Lake Wateree is fast becoming known as a “go-to” location for big catfish, with more and more anglers headed for the Midlands lake in search of big blues. Rodger Taylor of Rock Hill’s Catfish On! Guide Service has been fishing the 13,864-acre lake for years, and beginning in June, he likes to start fishing after dark.
Taylor likes to set up just before dark and use the cover of darkness to lure big catfish to his setup. He’s quick to point out that the first part of the month can be a bit tricky if the big blues have started spawning. The bite is a bit slower with the spawn going full-bore, but if you can catch the cats just before and right after the spawn, you’ll be in for a lot of action.
“You need to look in shallow water to find the biggest cats on Wateree,” said Taylor, who hunts for mussel beds in mid-lake areas. “Find some of the shallow flats near the middle of the lake; many of these will hold large concentrations of mussels, and the big cats cannot resist.”
Anchoring in shallow water or along the edge of the river channel, Taylor can spread out his baits and get some in deep water while putting the majority in shallower areas from 2 to 5 feet deep.
“Many people do not believe that big fish can be caught in water as shallow as I fish, but I know better,” Taylor said.
Fresh cut bait is a key. Taylor likes to fish cut gizzard shad, white perch or bluegill, chunks 4 to 5 inches wide, including the head and middle of the fish.
“You have to use fresh bait, to entice the big bites.” Taylor insists. “Bait that is more than a few hours old will not get the same bites as some that is very fresh.”
When targeting big fish, Taylor likes to use either a 6/0 or 8/0 Gamakatsu circle hook.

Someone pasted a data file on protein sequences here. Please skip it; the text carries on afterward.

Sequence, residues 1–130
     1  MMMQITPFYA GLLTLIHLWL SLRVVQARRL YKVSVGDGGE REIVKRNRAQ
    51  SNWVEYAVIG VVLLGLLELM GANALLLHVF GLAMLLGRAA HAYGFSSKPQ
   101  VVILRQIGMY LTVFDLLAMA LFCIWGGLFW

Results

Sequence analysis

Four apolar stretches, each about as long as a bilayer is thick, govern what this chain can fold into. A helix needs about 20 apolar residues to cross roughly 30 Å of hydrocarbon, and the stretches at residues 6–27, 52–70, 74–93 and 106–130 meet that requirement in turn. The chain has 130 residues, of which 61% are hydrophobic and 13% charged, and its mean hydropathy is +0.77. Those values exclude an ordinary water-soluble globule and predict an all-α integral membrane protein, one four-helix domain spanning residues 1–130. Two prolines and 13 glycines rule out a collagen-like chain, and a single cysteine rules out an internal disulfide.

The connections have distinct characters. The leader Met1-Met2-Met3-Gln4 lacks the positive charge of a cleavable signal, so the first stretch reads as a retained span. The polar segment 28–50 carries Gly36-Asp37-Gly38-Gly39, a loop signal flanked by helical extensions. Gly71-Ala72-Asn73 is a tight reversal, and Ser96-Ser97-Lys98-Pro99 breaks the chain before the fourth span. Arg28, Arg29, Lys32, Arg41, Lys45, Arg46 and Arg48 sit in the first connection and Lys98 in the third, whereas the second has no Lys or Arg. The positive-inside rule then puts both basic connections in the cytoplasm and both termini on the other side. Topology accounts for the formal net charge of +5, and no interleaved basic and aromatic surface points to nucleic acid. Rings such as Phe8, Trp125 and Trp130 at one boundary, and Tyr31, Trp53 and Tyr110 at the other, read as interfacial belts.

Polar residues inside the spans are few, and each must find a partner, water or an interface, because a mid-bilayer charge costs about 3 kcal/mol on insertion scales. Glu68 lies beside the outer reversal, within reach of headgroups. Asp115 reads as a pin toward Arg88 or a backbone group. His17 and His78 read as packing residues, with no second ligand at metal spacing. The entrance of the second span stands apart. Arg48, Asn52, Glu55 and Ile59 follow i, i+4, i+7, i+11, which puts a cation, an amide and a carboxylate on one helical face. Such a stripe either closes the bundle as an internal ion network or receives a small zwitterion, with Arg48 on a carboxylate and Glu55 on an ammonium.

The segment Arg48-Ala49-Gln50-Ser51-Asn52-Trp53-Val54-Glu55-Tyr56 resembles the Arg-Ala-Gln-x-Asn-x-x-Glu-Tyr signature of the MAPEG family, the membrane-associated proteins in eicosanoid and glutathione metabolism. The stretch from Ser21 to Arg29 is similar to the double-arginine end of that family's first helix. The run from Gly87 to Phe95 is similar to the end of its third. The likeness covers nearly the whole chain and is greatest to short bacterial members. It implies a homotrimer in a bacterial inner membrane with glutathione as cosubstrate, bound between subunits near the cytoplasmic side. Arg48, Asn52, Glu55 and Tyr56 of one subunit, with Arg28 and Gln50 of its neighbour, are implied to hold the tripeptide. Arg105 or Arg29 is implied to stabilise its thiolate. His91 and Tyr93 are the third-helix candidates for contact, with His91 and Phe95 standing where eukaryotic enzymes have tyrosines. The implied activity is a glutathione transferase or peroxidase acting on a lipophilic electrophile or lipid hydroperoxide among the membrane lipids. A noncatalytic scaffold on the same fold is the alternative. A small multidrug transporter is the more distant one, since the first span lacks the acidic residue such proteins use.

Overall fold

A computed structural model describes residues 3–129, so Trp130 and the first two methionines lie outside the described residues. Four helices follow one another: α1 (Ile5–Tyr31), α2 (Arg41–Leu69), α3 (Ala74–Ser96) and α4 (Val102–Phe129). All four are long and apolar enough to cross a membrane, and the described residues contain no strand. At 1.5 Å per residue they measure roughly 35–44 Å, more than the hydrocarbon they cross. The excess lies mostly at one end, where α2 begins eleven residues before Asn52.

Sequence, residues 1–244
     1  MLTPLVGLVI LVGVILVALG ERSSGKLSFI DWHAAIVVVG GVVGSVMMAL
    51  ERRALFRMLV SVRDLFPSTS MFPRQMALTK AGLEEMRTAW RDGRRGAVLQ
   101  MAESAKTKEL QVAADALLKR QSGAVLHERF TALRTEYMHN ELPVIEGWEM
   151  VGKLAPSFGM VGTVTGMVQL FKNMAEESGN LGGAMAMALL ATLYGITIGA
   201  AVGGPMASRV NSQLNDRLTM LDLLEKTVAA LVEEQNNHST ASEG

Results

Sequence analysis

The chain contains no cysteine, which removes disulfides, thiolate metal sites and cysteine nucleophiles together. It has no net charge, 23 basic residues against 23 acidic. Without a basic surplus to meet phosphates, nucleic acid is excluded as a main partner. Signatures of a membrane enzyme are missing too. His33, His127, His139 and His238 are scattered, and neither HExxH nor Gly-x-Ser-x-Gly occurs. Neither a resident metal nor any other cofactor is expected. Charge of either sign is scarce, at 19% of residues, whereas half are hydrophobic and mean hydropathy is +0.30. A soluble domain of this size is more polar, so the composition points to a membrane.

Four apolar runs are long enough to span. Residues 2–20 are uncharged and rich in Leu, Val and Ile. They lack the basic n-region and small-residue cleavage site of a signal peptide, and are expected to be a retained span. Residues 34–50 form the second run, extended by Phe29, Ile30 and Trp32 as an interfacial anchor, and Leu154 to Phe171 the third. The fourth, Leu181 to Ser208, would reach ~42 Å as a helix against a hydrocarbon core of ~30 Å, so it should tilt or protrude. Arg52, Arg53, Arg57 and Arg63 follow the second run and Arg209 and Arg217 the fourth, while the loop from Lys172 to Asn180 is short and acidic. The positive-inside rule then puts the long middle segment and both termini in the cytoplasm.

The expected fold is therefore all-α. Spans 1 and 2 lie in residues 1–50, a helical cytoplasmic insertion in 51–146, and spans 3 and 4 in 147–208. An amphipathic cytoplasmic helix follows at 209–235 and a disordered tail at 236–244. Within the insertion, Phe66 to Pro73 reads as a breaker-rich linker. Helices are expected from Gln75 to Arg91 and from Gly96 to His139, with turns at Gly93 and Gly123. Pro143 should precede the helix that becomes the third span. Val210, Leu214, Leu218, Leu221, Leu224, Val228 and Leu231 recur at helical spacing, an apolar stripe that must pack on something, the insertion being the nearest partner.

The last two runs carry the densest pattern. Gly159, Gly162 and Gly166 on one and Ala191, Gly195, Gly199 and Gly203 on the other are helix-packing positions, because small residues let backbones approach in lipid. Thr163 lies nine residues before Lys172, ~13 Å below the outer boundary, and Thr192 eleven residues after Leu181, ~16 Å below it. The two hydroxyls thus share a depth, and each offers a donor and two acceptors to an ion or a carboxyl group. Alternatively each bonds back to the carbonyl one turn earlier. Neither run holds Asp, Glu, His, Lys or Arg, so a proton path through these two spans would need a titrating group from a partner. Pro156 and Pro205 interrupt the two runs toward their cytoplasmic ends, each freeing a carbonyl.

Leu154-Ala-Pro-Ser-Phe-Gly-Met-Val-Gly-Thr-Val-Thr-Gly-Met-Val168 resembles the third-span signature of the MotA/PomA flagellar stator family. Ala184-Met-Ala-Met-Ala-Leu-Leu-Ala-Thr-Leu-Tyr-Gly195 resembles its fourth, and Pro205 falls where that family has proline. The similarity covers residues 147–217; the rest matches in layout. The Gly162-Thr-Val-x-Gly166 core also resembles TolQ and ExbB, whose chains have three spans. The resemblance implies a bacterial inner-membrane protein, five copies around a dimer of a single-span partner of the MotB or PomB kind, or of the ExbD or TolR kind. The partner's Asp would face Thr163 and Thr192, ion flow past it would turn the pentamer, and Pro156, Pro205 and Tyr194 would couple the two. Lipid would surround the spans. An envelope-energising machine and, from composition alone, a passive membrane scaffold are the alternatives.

“The bigger the bait, you need a bigger hook to make sure you can get a good hookset. I want a lot of hook exposure,” he said, explaining that too many fishermen bury the circle hook in the bait, keeping the hook from doing what it is designed to do — turn in the fish’s mouth and set in the corner of its mouth.
A heavy action 7-foot rod and reel loaded with 20-pound Berkley Big Game mono is standard tackle for Taylor, who ties on a leader of 50- to 60-pound test, adds a float to the leader and ties on his hook.
“I like to use a float near the bait to keep the bait off of the bottom. It is just enough to keep the bait from getting lost in the mud.” Taylor said.
Wateree has a lot of feeder creeks, and Taylor pays attention to them, especially the long points around the creek mouths that stretch out into the main lake; he said they’re ideal locations to fish for big cats at night.
Taylor said the area from Dutchman’s Creek to Colonel Creek is marked by plenty of flats with mussel beds that hold catfish. If he doesn’t find fish there, he’ll head to the backs of creeks.
HOW TO GET THERE — Lake Wateree lies along the border between Fairfield and Lancaster counties, south of the town of Great Falls. I-77, US 21 and US 601 provide the best access. Public boat ramps ring the lake, with the most-popular being: Taylors Creek, Wateree Creek, June Creek and Colonels Creek on the western side and Beaver Creek and White Oak Creek on the east.
WHEN TO GO — Night-fishing for blue catfish begins in June, with the latter half of the month, after the spawn ends, being more productive. Fishing after dark will remain good through the summer
BEST TECHNIQUES — Set up on flats with mussel beds, fan-casting rods baited with cut shad, perch and bluegill to cover a variety of depths; keep most baits in 2 to 5 feet of water, but don’t be afraid to put a couple of baits in deep water.
FISHING INFO/GUIDES — Rodger Taylor, Catfish On! Guide Service, 803-517-7828, www.catfishon.com. See also Guides and Charters in Classifieds.
MAPS — Kingfisher Maps, 800-326-0257, www.kfmaps.com.